Tag: Pavel Datsyuk

Marian Hossa, Ryan Kesler

Hossa’s age just one of the challenges facing Blackhawks


Did you know that Marian Hossa is the second-oldest forward still playing in these playoffs?

It’s true — only Martin St. Louis, 39, is older.

In the playoffs, Hossa, 36, has been the fifth-oldest forward overall. During the regular season, only 17 forwards in the entire league were older than he was.

Why are we bringing this up? Because Hossa only played 14:44 last night in Anaheim, his lowest ice time in these playoffs.

So, is he hurt? Or, is he just tired?  

Yesterday, an article in the Chicago Sun-Times questioned whether all the “marathons” the Blackhawks have played this postseason were taking a toll:

Hossa as much as any Hawk gives it all he’s got. You can see the determination in his game. But the reality is that after 17 seasons in the NHL, he is challenged more than most to maintain his level of impact as the minutes pile up. 

To be sure, Hossa remains a very effective player. He has 11 points in 15 playoff games, and his possession stats are among the best on the Blackhawks. But his age is a factor, whether fans like it or not. It’s the same thing in Boston with Zdeno Chara and Detroit with Pavel Datsyuk.

Hossa may not get the accolades those two do, possibly because so much attention is given to teammates Jonathan Toews, Patrick Kane and Duncan Keith. But he’s been vitally important in the Blackhawks’ two championship runs in the last five years. There aren’t many, if any, wingers who play such a strong two-way game.

Hossa isn’t going anywhere. He still has six seasons left on his front-loaded, 12-year contract — the kind of contract they don’t allow anymore. There could be a cap-recapture issue down the line.

But for the Blackhawks to remain contenders over the next few years, it’ll be up to youngsters like Teuvo Teravainen and Artemi Panarin to step up and offset the decline in Hossa’s play — a decline that happens to even the greatest players as they get older.

Report: Just Sabres, Leafs formally file paperwork to speak to Babcock

Mike Babcock

There’s a long list of cities that have been cited as possible destinations for Mike Babcock, but with the race to get him likely approaching its conclusion, there might be just three teams in the hunt. The Buffalo Sabres and Toronto Maple Leafs are the only teams to have filed the paperwork to reach out to the bench boss, per Sportsnet. He also might end up re-signing with the Detroit Red Wings.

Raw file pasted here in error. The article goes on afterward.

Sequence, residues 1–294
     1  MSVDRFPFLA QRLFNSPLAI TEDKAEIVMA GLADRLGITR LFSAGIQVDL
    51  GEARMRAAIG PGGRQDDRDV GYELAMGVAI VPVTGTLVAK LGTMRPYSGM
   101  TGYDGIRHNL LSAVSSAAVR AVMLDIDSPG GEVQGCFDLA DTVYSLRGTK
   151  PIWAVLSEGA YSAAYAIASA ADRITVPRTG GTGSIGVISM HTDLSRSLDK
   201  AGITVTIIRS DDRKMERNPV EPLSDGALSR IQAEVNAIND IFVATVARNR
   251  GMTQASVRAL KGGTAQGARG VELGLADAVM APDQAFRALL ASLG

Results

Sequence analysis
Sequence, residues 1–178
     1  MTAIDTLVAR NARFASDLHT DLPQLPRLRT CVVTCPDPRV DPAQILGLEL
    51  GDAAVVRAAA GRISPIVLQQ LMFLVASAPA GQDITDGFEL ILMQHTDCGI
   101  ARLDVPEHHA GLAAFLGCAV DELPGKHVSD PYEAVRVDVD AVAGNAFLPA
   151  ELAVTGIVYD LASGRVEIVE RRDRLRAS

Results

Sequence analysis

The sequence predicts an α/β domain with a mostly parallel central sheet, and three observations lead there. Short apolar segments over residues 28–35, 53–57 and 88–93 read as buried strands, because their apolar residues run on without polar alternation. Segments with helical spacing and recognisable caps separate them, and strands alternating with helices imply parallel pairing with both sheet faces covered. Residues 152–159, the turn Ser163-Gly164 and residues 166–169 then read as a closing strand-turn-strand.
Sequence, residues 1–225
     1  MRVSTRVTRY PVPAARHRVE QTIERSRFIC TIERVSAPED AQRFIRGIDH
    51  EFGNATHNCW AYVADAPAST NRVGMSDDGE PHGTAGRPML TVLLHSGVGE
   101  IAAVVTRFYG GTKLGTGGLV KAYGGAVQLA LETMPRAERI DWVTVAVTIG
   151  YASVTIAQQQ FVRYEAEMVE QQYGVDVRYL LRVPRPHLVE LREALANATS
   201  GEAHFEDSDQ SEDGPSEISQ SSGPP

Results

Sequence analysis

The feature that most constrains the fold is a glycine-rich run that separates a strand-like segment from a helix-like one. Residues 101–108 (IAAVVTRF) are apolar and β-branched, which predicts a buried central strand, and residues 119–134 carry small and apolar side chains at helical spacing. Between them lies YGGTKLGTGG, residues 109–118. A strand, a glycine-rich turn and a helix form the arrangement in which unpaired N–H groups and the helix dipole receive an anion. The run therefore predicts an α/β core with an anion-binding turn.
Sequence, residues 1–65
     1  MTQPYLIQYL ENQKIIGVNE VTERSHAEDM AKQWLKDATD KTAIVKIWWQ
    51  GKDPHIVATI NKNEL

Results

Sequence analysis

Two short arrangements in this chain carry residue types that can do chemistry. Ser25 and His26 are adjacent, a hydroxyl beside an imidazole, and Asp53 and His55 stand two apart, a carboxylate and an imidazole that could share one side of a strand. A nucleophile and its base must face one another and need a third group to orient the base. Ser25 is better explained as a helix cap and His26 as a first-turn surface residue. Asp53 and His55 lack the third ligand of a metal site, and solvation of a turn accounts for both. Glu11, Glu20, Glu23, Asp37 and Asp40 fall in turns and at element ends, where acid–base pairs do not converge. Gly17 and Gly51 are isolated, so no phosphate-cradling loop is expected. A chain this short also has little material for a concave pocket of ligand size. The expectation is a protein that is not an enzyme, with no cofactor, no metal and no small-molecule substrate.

It’s worth emphasizing that there’s still time for other teams to file the paperwork and attempt to lure Babcock, but not a lot of it. Babcock recently predicted that he’d know what he was doing by the 20th.

In the case of Buffalo or Toronto, Babcock would be inheriting a team in the early stages of a rebuild, although the Sabres are expected to get a boost from selecting a potential franchise cornerstone in Jack Eichel with the second overall pick in the 2015 NHL Entry Draft. Detroit on the other hand is a team that’s in position to make the playoffs next season, although its future is still unclear.

There’s certainly promising youngsters in Detroit, but as Babcock knows, replacing the likes of Pavel Datsyuk and Henrik Zetterberg in the not too distant future will be a monumental challenge.

Flyers will be ‘extremely patient’ with youngsters, but ‘want a winner as soon as possible’

Ed Snider

Depending who you ask, it’s either a smart and noble strategy, one that’s been successful for a team like the Detroit Red Wings, or it’s like wanting to have your cake and eat it too, and the reason a team like the Detroit Red Wings hasn’t made a deep playoff run in a number of years.

That strategy is, of course, doing everything you can to win now, while simultaneously and patiently developing youngsters for the future.

It’s what Flyers owner Ed Snider wants to do in Philadelphia, as opposed to tearing it down and rebuilding from scratch, a la Buffalo or Edmonton.

Snider told the Philadelphia Inquirer that the plan for the Flyers is to “be extremely patient with all of the young players we have coming.” But at the same time, GM Ron Hextall is “going to do everything in his power to produce a winner as soon as possible, which means it could be trades, it could be coaching, it could be all kinds of things.”

It’s a similar story in Vancouver, where the aging Canucks “want to draft and develop well, but we want our young kids to learn how to play in a winning environment, so they learn the right way to play.”

The obvious challenge for that type of plan is drafting, because teams that are neither great nor terrible don’t get top-5 draft picks, i.e. players like Jonathan Toews, Patrick Kane, Sidney Crosby, Evgeni Malkin, and Drew Doughty.

That’s not to say it’s impossible to find elite players in the middle of the first round, or even beyond. Anze Kopitar was taken 11th overall; Patrice Bergeron and Duncan Keith were second-rounders.

But the win now/win later strategy does put added pressure on the scouting staff to unearth a few “big-time” diamonds in the rough, like the Wings once did to the extreme with Pavel Datsyuk, Henrik Zetterberg, and Nicklas Lidstrom.

The Flyers have the seventh overall selection in this summer’s draft. They also have Tampa Bay’s first-round pick, wherever that may be.

Related: Hextall insists he’s ‘on the same page’ with Snider